Fellowship of Saints and Sinners

Fellowship of Saints and Sinners

John Oliver vs. Televangelists and Their “Big Seed” Prosperity Gospel

If you’ve not seen it, you must: John Oliver on “Last Week Tonight” offered the most brilliantly funny rebuke of televangelists and the prosperity gospel I’ve seen to date. Oliver doesn’t mince words, including the four-letter ones, in blasting the moral obscenities of those who specialize in selling the gospel for their own enrichment. Here is Oliver so satisfyingly condemning spiritual abuse when he sees it among those who should know better:

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How the Latest Revelations Re: ISIS’ Systemized Sexual Violence Against Girls Remind Me I Am Not a Pacifist

As if ISIS had not already convinced us enough of its total depravity … the latest revelations by The New York Times —(be forewarned, they are disturbing to read) — remind me why I am not a pacifist. As if turning small boys into child soldiers is not enough to raise the ire of the international community, the article details how ISIS is now instituting a whole system of religiously justified, theologically rationalized sexual violence against non-Muslim girls, and is using this system to lure new recruits to its ranks with the promise of young girls whom they can rape at their convenience in the name of Allah.


“A theology of rape,” the article terms it, and if evil has a face, it looks like this. We’ve seen that face far too many times in recent history alone: in Rwanda; in Bosnia; in Nazi Germany. We human beings have a despair-inducing ability to let what John Calvin called “total depravity” rob us of the “kingdom of heaven on earth” that Jesus instructs His followers to pray for.

So much so that these latest revelations can feed our compassion fatigue…

…Or, sophisticated-sounding strategies of “containment,” as one commentator recently opined should be the U.S. approach toward ISIS. Recognizing the foreign policy considerations are breathtakingly complex, I still can’t help but wonder if “containment” in this case is more of a convenient euphemism for delaying our moral imperative as Christians in the West and as human beings to take a stand against such plain-faced evil.


Jesus Himself says there is a special place in hell — or at least at the very bottom of the sea — for those who undertake the kind of evil that ISIS now proclaims is the will of God Himself. “It would be better for them to be thrown into the sea with a millstone tied around their neck than to cause one of these little ones to stumble,” Jesus says (Luke 17:2).

Does Praying for God’s Kingdom to Come and for God’s Deliverance From Evil Mean Standing Against Unadulterated Evil When We See It?

I suspect that when we Christians pray for God’s deliverance from evil, and ask that God’s kingdom come, “on earth as in heaven,” our prayers require something of us. After all, if C.S. Lewis is right — that prayer is as important because of what it does for those who pray — then the prayer that God’s will be done and God’s kingdom come must entail more than worries about our own job security or personal health or safety. To pray “deliver us from evil,” is to acknowledge at least implicitly that our own deliverance is inextricably linked to the deliverance of those around us, our “neighbors.”


Is it not possible, then, that when we pray that God deliver us from evil, in the context of asking for God’s kingdom to come, we are making a request that could very well demand more of us than our prayer? More action — and in some cases, where unadulterated evil threatens our neighbor(s), a call to take up arms? I think so.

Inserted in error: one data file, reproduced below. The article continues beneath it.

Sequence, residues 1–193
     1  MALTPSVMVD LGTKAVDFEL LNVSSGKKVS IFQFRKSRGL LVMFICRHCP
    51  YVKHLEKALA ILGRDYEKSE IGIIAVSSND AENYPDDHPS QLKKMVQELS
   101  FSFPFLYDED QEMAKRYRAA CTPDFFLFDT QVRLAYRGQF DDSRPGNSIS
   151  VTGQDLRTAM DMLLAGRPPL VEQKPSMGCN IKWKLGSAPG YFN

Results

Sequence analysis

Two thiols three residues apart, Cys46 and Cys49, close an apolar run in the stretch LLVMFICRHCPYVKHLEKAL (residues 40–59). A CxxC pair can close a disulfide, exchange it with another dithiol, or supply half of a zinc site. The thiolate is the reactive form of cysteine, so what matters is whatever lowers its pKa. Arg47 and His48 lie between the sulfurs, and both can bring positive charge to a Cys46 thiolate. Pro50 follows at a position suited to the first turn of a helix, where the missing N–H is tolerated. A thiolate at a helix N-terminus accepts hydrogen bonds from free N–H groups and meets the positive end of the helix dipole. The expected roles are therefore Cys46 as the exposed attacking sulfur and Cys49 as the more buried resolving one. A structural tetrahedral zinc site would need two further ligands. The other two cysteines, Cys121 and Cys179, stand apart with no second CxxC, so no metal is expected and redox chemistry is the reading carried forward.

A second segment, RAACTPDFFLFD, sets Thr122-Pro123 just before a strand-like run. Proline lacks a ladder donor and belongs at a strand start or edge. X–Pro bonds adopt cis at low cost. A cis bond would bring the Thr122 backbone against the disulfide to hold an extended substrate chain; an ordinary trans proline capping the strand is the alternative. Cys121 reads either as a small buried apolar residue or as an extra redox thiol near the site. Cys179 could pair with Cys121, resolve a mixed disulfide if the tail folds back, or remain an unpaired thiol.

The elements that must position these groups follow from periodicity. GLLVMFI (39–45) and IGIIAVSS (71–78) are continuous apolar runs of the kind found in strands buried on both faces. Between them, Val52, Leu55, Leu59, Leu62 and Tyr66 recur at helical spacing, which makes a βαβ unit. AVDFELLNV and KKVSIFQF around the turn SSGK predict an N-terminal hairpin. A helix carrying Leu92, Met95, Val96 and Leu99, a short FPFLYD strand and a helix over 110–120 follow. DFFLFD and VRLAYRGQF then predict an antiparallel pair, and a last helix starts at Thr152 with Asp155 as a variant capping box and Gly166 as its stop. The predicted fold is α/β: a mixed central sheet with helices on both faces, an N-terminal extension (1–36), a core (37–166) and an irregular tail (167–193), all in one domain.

What moral strength required a young German pastor, Dietrich Bonhoeffer, to grapple with great fear and trembling about his role in that struggle against evil, in the form of a Nazi ideology that sought to eradicate a whole ethnic group? What reserves of courage did Bonhoeffer’s part in an assassination attempt that could very well fail (and did) call forth? What great faith, or assurance of God’s ultimate and final triumph over evil, did such bravery finally demand of Bonhoeffer? I can only begin to wonder.


We, most of us, will not be asked to undertake such feats of heroism. But we can do more than nothing in the face of evil. We can choose not to give in to compassion fatigue. We can question claims that containment is the very best we can do in the face of pure evil that seeks to destroy the most vulnerable members of our society. We can do something rather than nothing.

What Christians Can Do To Stand Against ISIS’ Evil

If you’re wondering what, in particular, we can do, here are some preliminary ideas…will you please send along yours, so I can add them to this list?

1. Pray. Pray daily and unceasingly on behalf of all victims of ISIS — that God would deliver them from evil. And read this New York Times article as you pray — for healing, restoration and protection for those most vulnerable to the threat of ISIS.


2. Reconsider our policy priorities, and re-evaluate what we should be standing for and against. How, for example, loud opposition to the now legal marriage of two gay men in the state of Kentucky deserves as much time, attention and priority as it is receiving from Christians in public service, when horrors like ISIS’ war on innocent children continue unabated, is beyond me.

3. Advocate for more aggressive intervention to take down ISIS. In particular, Christians can push for greater military intervention to stop ISIS (on the part of the U.S. and an international coalition of forces). And we can lobby for more proactive U.S. support of those on the ground actually fighting ISIS (namely, Iran and the Kurds). Support for these allies in a fight against evil can also mean speaking out in favor of the recent Iran deal, rather than letting a particularly loud and vociferous faction of religious conservatives in this country claim to speak for all Christians (in their denunciation of the recent Iran nuclear deal).